Cons of deregulating finance

Updated: 2013-08-06 07:13

By Kevin P. Gallagher (China Daily)

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Cons of deregulating finance

It is speculated that China is set to accelerate the deregulation of its financial system. For years, China has restricted the ability of its residents and foreign investors to pull and push their money in and out of the country.

While that may be illiberal, there was a sound reason for this restriction: Every emerging market that has scrapped these regulations has had a major financial crisis and subsequent trouble with growth.

The world can't afford that to happen in China. China is too big to fail.

This issue came to the fore last year when the People's Bank of China announced that it might "liberalize" its financial system in five to 10 years. The move was in stark contrast to a National Development and Reform Commission-World Bank report that put such a plan much further into the future.

That study cited the overwhelming evidence that shows, first, that dismantling cross-border financial regulations is not associated with growth and, second, that it tends to cause banking crises in economies with fledgling financial systems.

But now, Guan Tao, a State Administration of Foreign Exchange director-general has announced that "capital account convertibility" - as wonks call financial globalization - should happen in just a few years' time.

Indeed, China has already started raising the ceiling on the amount of foreign speculation in China.

Why rush this issue? Guan says this is about making the yuan a global currency. No doubt, in the long run it sure would be good to have more than US dollars on offer in the world economy. The US dollar is increasingly becoming a risky bet. Moreover, trading in the yuan would reduce exchange-rate risk for one of the world's largest trading countries (and all its trading partners). It would also reduce global risk by alleviating the world's over-reliance on the US dollar.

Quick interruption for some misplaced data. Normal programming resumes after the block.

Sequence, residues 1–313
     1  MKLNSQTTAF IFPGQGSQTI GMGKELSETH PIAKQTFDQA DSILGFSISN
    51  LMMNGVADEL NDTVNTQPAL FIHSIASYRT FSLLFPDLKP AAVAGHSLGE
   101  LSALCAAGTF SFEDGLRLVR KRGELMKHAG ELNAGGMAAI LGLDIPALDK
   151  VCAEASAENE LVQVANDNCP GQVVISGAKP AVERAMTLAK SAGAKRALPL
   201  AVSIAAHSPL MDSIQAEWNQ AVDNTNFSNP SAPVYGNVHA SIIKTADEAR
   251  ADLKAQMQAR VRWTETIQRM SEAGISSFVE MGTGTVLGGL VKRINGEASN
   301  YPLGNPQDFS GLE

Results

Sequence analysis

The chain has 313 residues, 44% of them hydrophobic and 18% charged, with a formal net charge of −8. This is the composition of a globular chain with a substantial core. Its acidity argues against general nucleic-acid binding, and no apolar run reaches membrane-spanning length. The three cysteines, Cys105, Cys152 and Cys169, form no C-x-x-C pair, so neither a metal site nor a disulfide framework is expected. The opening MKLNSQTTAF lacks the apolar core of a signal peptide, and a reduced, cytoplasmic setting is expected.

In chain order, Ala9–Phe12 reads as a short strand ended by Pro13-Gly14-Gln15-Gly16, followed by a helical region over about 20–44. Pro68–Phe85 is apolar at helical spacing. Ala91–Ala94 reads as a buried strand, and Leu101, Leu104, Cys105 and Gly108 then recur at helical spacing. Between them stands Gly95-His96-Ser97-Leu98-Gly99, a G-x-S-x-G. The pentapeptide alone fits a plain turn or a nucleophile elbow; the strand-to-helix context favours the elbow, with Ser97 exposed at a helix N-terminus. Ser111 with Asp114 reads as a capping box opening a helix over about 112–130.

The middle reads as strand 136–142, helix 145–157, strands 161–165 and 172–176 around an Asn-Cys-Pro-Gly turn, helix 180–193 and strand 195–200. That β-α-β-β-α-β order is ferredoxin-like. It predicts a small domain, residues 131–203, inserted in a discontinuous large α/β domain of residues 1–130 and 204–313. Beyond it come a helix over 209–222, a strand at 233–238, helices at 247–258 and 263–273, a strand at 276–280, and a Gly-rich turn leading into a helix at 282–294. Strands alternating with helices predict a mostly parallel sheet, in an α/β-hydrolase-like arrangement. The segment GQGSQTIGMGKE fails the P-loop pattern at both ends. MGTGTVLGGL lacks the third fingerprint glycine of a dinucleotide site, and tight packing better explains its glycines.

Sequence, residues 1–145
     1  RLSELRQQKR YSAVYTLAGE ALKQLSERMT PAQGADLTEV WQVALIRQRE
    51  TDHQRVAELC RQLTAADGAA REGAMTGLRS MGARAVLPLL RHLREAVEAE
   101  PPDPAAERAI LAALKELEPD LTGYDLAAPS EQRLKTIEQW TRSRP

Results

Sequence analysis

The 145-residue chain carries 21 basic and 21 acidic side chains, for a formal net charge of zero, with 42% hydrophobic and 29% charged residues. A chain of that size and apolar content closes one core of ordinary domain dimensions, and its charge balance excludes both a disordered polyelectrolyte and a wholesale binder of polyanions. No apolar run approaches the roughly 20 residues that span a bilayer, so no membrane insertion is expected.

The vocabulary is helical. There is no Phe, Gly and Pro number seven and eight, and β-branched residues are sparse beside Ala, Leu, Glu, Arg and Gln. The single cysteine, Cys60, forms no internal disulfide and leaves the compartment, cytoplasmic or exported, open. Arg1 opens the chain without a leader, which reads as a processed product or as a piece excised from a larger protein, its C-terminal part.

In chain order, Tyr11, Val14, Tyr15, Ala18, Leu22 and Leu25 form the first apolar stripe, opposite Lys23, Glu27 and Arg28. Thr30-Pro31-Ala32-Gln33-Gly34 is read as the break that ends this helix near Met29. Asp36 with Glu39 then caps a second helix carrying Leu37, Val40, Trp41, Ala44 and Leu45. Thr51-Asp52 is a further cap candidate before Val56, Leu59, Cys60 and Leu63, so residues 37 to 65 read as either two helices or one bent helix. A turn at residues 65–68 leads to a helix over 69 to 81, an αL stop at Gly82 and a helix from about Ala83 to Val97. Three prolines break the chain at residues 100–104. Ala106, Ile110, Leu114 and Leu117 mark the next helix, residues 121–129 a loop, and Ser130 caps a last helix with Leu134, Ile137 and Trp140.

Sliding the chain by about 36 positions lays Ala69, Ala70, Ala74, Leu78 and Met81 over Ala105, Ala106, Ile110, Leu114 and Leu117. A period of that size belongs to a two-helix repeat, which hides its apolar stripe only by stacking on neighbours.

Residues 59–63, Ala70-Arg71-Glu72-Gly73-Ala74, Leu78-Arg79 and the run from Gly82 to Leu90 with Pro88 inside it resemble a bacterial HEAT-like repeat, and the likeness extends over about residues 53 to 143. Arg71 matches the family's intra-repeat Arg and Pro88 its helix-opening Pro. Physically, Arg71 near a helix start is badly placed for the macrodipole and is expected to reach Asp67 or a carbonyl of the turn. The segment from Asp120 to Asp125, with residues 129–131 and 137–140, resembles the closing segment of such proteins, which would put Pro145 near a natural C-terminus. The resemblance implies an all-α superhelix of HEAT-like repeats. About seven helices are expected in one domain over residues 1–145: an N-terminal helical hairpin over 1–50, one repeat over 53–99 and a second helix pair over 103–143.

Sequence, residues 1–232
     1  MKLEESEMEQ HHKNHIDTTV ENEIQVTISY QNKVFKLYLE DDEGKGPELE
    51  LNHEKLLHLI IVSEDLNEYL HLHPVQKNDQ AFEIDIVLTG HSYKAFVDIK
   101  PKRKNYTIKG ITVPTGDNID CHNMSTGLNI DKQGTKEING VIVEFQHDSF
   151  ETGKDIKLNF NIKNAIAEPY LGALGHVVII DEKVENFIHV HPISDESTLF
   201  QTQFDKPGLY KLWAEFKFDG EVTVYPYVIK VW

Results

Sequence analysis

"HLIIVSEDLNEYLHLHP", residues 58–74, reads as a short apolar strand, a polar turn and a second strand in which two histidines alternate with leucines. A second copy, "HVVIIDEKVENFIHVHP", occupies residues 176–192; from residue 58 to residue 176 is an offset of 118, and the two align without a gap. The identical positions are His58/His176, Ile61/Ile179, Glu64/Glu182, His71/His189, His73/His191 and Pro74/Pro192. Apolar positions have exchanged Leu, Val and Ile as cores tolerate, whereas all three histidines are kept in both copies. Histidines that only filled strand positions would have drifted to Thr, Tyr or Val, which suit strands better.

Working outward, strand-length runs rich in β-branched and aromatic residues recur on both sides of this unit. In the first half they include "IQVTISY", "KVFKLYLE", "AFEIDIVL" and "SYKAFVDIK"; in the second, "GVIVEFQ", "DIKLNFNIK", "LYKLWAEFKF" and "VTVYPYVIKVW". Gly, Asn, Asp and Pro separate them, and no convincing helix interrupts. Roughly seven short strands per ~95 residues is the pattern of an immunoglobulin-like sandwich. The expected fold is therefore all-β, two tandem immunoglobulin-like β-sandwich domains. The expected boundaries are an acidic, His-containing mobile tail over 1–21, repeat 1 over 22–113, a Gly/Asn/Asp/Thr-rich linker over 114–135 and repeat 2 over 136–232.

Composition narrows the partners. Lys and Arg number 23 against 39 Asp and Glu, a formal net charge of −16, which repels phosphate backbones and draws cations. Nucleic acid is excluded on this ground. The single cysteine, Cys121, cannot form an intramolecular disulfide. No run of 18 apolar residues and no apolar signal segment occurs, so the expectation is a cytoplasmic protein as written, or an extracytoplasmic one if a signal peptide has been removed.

But China should not put the cart before the horse. To get where it wants to be and deserves to be, China will need to carefully reform its interest rate, exchange rate and financial regulatory regimes first.

Managing these reforms successfully will be close to impossible to achieve with a deregulated capital account. Financial stability is essential for China to move on with necessary reforms and maintain growth - as well as to maintain political stability.

The PBOC has kept interest rates low to provide cheaper loans for industry. This has been very beneficial, playing a key role in China's industrial policy that spawned the world's manufacturing export powerhouse. However, at this point China's investment rates are too high and China needs to consume more. Low rates moved households to over-invest in real estate, and have caused a real estate bubble in the country.

If China deregulated cross-border financial regulations before reforming its interest rate policy, there could be an enormous capital flight out of China. Low interest rates in China, juxtaposed with higher rates available abroad, would provide an attractive rate of return for many wealthy Chinese. While China has taken small steps in interest rate reform, it still has a long way to go.

Capital flight would also jeopardize China's exchange rate reform, which has deepened over the past two years. Exchange rate reform has made the yuan appreciate significantly, with estimates of yuan appreciation now at 35-50 percent.